The web just isn’t a safe place anymore. Cyber threats have matured over the years and everyone—netizens or not—have already suffered untold human cost. There are direct and indirect losses involved. Cyber attacks have especially inflicted long-lasting harm to many organizations and businesses. The growing concern for cyber security, according to a report by Burning Glass International, explains why US demand for cyber security experts increased 3.5 times faster in five years alone.
Here are five threats every prospective cyber security professional needs to know:
Malware is any malicious software designed to disturb a computer’s operation and illegally harvest sensitive information such as passwords, account details and financial data. Computer malware is not an entirely new concept; malware for mobile technology is significantly increasing in the past few years. Malware attacks on mobile devices, in fact, grow at an alarming rate of over 600 percent.
Android users are especially advised to install the latest version of the software to get the essential malware patches for mobile security. Some malware may include spyware; another pesky malicious kind of software that tracks the user’s every move to obtain passwords and other sensitive data.
It only takes a few seconds or a single click for users to fall victim. Criminals either trick users to download malware by accident or download what seems like a free software. Malware can also be spread on Facebook by unknowing friends and colleagues whose account may be compromised.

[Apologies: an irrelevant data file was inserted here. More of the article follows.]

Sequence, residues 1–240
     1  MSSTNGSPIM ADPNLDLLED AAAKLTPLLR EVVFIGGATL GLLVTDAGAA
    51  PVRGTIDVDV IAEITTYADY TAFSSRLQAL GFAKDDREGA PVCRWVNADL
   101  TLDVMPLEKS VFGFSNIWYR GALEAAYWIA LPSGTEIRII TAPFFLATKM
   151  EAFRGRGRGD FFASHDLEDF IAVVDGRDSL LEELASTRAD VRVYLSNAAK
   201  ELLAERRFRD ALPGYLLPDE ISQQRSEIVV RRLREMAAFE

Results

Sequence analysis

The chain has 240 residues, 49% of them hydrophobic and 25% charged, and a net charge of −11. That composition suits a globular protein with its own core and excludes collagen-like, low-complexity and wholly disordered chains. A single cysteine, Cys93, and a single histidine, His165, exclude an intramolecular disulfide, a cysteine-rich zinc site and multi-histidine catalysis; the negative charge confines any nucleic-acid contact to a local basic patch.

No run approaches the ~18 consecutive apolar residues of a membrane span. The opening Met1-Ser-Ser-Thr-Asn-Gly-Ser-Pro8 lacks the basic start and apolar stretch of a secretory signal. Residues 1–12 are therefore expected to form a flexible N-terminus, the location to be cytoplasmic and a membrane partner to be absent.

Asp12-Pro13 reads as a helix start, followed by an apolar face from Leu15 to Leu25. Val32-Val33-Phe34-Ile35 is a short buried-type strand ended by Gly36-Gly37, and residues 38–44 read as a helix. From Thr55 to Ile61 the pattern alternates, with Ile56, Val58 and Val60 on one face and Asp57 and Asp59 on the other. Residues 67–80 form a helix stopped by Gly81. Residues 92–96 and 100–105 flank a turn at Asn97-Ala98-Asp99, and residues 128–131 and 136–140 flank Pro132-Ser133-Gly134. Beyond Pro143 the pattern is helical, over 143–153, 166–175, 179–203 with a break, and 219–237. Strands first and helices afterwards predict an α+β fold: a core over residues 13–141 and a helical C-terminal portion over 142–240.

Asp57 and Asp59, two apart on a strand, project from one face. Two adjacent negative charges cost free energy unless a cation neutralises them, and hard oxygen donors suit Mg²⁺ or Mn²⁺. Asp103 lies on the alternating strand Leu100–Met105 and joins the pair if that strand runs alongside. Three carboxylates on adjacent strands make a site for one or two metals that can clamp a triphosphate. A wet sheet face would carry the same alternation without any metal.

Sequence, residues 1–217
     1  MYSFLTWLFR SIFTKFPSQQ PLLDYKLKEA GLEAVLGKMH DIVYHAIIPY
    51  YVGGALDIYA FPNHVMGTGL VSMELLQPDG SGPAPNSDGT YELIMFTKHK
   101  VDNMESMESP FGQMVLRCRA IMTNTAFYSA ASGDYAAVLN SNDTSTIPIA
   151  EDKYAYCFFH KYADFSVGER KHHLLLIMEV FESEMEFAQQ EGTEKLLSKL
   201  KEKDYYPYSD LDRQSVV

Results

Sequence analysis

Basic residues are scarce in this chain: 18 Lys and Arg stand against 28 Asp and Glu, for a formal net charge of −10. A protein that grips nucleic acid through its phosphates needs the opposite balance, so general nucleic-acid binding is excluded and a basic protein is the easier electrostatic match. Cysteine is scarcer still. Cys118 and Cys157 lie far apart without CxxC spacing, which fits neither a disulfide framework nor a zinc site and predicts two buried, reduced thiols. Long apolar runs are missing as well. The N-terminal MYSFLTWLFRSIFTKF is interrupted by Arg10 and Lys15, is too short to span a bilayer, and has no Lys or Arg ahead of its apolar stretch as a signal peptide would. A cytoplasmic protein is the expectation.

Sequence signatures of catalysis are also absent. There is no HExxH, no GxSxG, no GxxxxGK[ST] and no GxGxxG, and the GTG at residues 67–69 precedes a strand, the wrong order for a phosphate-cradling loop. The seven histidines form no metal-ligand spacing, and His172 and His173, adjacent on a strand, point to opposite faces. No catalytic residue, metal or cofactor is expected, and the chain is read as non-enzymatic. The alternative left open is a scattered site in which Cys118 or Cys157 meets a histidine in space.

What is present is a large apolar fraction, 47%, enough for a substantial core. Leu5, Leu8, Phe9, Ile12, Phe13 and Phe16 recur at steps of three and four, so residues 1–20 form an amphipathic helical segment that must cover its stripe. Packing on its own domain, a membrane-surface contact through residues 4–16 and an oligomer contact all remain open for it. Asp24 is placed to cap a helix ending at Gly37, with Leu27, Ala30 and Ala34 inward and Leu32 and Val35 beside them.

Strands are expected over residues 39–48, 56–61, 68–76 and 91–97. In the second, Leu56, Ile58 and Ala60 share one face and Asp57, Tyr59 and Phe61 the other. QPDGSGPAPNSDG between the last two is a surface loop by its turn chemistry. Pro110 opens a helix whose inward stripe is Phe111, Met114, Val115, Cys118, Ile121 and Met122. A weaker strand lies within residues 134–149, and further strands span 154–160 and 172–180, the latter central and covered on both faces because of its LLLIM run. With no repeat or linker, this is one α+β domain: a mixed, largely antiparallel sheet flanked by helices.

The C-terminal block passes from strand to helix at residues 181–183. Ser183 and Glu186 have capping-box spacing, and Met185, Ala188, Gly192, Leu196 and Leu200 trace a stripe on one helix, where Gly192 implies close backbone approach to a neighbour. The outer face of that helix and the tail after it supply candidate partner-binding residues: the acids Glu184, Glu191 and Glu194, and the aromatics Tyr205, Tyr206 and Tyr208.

Everyone with an email account knows what a “spam” is. It’s junk mail, a malicious email that prompts users to download a computer virus or defraud them. It can even cause users to defraud a friend or everyone in their address book. Criminals can hack into a user’s account and use it to send an email asking for money.
The Internet is everywhere. Almost every consumer device can now connect to the Internet: computers, laptops, smartphones, tablets, TVs, gaming consoles, and many more “smart” household appliance. It’s a very convenient setup but it comes with significant risks. In fact, many home wireless Internet networks remain unsecured and therefore vulnerable to cyber criminals. Once hackers pass through a network, they are able to illegally access a device and compromise its security.
Since 2012, many of the world’s most popular brands were compromised by hackers. Cases of data breaches exposed thousands and thousands of usernames and passwords. Yahoo, Evernote, LivingSocial, Global Payments, LinkedIn—all have been attacked in 2012.
Just this week, 2.9 million Adobe customers were hit by a massive data breach. What’s more, the company revealed that the attack exposed financial data—that’s nearly 3 million customer credit card details. Massive data breaches compelled websites to implement two-factor authentication. It’s an additional step to enhance cyber security, although security researchers are looking for more ways to help keep user data safe.
DDoS stands for “distributed denial-of-service” and attacks of this kind are increasingly becoming popular among hackers. The aim is to make a service or system unavailable to users. DDoS attacks are larger in scope. Prolexic, a DDoS mitigation firm, disclosed an 88 percent rise in the number of DDoS attacks in third quarter of last year. Prolexic reported that these attacks have increased both in duration and the amount of bandwidth involved. Their targets, mostly large U.S. financial firms, have greatly suffered from a massive attacks that exceeded 60Gbps. Compare this to the 5–10 Gbps attack typically perpetrated.
There are many other threats to cyber security you need to know. If you’re considering a career in business intelligence or cyber security, familiarize yourself with these five and increase your knowledge with information security management courses.
Author bio: Blake Pappas completed his undergraduate degree in Justice Studies from Arizona State University. Blake has also recently worked in higher education and is currently pursuing a Master’s degree in Business.